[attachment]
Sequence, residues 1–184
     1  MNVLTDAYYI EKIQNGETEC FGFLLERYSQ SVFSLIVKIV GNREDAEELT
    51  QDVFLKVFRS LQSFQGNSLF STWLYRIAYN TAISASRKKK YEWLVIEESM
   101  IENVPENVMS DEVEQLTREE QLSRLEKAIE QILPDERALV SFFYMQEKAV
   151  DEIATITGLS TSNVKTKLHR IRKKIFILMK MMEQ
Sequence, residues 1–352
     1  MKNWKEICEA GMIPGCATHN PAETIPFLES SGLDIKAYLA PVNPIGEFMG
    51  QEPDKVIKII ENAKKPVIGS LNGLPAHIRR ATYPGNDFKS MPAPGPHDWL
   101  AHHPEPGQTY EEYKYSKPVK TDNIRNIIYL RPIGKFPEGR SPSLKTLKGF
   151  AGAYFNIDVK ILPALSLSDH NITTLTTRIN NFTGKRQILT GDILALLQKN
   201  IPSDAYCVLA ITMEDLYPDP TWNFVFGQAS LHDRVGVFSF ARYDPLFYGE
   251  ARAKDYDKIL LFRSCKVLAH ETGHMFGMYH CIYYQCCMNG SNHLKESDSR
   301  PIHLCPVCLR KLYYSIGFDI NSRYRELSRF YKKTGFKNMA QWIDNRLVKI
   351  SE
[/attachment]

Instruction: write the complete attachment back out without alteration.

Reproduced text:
Sequence, residues 1–184
     1  MNVLTDAYYI EKIQNGETEC FGFLLERYSQ SVFSLIVKIV GNREDAEELT
    51  QDVFLKVFRS LQSFQGNSLF STWLYRIAYN TAISASRKKK YEWLVIEESM
   101  IENVPENVMS DEVEQLTREE QLSRLEKAIE QILPDERALV SFFYMQEKAV
   151  DEIATITGLS TSNVKTKLHR IRKKIFILMK MMEQ
Sequence, residues 1–352
     1  MKNWKEICEA GMIPGCATHN PAETIPFLES SGLDIKAYLA PVNPIGEFMG
    51  QEPDKVIKII ENAKKPVIGS LNGLPAHIRR ATYPGNDFKS MPAPGPHDWL
   101  AHHPEPGQTY EEYKYSKPVK TDNIRNIIYL RPIGKFPEGR SPSLKTLKGF
   151  AGAYFNIDVK ILPALSLSDH NITTLTTRIN NFTGKRQILT GDILALLQKN
   201  IPSDAYCVLA ITMEDLYPDP TWNFVFGQAS LHDRVGVFSF ARYDPLFYGE
   251  ARAKDYDKIL LFRSCKVLAH ETGHMFGMYH CIYYQCCMNG SNHLKESDSR
   301  PIHLCPVCLR KLYYSIGFDI NSRYRELSRF YKKTGFKNMA QWIDNRLVKI
   351  SE